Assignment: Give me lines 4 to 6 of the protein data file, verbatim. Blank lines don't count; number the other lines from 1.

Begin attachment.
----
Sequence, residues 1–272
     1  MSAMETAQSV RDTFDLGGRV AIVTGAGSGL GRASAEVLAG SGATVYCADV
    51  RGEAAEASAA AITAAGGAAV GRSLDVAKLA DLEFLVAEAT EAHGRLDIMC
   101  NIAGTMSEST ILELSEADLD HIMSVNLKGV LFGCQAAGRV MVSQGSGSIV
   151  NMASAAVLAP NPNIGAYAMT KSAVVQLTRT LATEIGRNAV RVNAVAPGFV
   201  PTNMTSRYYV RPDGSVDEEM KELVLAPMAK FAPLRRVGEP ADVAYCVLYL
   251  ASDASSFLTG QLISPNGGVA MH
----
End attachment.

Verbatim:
   101  NIAGTMSEST ILELSEADLD HIMSVNLKGV LFGCQAAGRV MVSQGSGSIV
   151  NMASAAVLAP NPNIGAYAMT KSAVVQLTRT LATEIGRNAV RVNAVAPGFV
   201  PTNMTSRYYV RPDGSVDEEM KELVLAPMAK FAPLRRVGEP ADVAYCVLYL